- a person or group made to bear the blame for others or to suffer in their place.
- Chiefly Biblical. a goat let loose in the wilderness on Yom Kippur after the high priest symbolically laid the sins of the people on its head. Lev. 16:8,10,26.
- to make a scapegoat of: Strike leaders tried to scapegoat foreign competitors.
Origin of scapegoat
Examples from the Web for scapegoat
They are vouching for Shadman, saying he is a scapegoat of a shoddy investigation.Special Forces’ $77M ‘Hustler’ Hits Back
December 8, 2014
Smith, the current police chief, called Lee a “scapegoat” who was “thrown to the wolves” to satisfy political critics.Florida Cops on What Ferguson Can Learn From Trayvon
November 20, 2014
Contending that he was being used as a scapegoat, Palmer asked for a trade.Will the Real Jim Palmer Please Stand Up
September 27, 2014
But the choice of a scapegoat is never really arbitrary, as scholar René Girard has shown in his classic study of the phenomenon.
The scapegoat is invariably an outsider, existing at the margins of a community, and resisting its core values.
They will not readily yield up their scapegoat or sacrifice their privileges.The Truth About Woman
C. Gasquoine Hartley
For what he had suffered at the hands of Man he had chosen to make Spain the scapegoat.Captain Blood
If the people demand a scapegoat, governments usually provide one.
I gathered, sir, that he was to be sacrificed to the Council of Regency—a sort of scapegoat.
We can't allow them to throw the Emperor out, so we need a scapegoat.The Unnecessary Man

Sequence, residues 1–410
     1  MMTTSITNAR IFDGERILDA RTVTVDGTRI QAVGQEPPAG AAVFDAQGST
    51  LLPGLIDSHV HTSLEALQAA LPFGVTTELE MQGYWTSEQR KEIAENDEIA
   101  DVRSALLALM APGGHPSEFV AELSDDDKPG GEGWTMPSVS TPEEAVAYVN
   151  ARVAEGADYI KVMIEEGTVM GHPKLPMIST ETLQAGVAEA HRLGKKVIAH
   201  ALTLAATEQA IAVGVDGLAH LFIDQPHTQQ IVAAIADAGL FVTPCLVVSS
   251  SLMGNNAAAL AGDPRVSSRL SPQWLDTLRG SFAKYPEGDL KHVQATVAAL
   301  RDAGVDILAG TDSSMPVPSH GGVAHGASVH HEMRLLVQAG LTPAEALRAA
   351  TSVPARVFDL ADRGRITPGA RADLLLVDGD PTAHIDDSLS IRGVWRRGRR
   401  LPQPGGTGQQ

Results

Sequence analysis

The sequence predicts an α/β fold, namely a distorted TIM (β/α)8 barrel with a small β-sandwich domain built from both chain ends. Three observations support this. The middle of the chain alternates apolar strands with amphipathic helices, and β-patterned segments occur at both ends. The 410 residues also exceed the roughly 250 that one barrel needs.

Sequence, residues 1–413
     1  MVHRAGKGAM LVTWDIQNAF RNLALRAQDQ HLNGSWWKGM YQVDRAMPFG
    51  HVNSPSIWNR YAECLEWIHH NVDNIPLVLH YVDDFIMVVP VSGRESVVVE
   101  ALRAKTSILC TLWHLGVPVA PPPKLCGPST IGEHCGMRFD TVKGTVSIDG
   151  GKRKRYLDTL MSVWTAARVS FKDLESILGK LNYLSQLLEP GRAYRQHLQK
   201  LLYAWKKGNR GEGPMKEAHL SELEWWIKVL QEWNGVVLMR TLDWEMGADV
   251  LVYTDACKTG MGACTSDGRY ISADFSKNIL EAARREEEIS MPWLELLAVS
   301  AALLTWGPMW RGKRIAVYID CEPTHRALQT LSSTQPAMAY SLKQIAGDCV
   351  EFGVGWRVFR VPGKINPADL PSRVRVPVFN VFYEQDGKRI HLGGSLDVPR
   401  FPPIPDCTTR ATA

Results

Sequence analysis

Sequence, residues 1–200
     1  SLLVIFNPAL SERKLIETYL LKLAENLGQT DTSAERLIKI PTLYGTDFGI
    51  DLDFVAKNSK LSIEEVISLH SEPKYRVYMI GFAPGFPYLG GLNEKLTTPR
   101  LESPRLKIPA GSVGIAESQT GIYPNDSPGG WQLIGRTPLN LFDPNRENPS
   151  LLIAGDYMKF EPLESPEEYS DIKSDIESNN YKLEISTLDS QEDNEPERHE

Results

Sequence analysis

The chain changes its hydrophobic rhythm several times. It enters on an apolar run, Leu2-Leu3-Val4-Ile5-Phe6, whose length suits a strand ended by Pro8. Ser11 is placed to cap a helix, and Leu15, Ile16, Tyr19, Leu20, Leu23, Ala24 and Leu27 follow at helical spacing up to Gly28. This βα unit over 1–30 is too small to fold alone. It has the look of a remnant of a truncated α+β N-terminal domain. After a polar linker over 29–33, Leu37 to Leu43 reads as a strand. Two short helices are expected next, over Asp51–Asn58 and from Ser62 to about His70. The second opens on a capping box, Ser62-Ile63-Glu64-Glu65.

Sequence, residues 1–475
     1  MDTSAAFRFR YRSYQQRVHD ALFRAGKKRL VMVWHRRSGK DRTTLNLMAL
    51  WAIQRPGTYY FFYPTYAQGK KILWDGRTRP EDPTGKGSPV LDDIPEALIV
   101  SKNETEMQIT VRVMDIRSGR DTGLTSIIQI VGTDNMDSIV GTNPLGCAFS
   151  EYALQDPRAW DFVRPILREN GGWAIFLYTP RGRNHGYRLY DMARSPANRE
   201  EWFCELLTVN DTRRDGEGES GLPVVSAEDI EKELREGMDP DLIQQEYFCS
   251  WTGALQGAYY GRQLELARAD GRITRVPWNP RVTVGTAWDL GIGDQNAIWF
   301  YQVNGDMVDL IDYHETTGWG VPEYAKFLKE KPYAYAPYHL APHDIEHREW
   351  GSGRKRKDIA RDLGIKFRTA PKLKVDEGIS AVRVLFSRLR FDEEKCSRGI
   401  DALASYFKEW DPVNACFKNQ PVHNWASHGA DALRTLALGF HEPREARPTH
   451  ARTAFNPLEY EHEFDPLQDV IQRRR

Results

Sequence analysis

Gordon Randall Garrett
- a person made to bear the blame for others
- Old Testament a goat used in the ritual of Yom Kippur (Leviticus 16); it was symbolically laden with the sins of the Israelites and sent into the wilderness to be destroyed
- (tr) to make a scapegoat of
Word Origin and History for scapegoat
1530, "goat sent into the wilderness on the Day of Atonement, symbolic bearer of the sins of the people," coined by Tyndale from scape (n.) + goat to translate Latin caper emissarius, itself a translation in Vulgate of Hebrew 'azazel (Lev. xvi:8,10,26), which was read as 'ez ozel "goat that departs," but which others hold to be the proper name of a devil or demon in Jewish mythology (sometimes identified with Canaanite deity Aziz).
Jerome's reading also was followed by Martin Luther (der ledige Bock), Symmachus (tragos aperkhomenos), and others (cf. French bouc émissaire), but the question of who, or what (or even where) is meant by 'azazel is a vexed one. The Revised Version (1884) simply restores Azazel. But the old translation has its modern defenders:
Azazel is an active participle or participial noun, derived ultimately from azal (connected with the Arabic word azala, and meaning removed), but immediately from the reduplicate form of that verb, azazal. The reduplication of the consonants of the root in Hebrew and Arabic gives the force of repetition, so that while azal means removed, azalzal means removed by a repetition of acts. Azalzel or azazel, therefore, means one who removes by a series of acts. ... The interpretation is founded on sound etymological grounds, it suits the context wherever the word occurs, it is consistent with the remaining ceremonial of the Day of Atonement, and it accords with the otherwise known religious beliefs and symbolical practices of the Israelites. [Rev. F. Meyrick, "Leviticus," London, 1882]
Meaning "one who is blamed or punished for the mistakes or sins of others" first recorded 1824; the verb is attested from 1943. Related: Scapegoated; scapegoating. For the formation, cf. scapegrace, also scape-gallows "one who deserves hanging."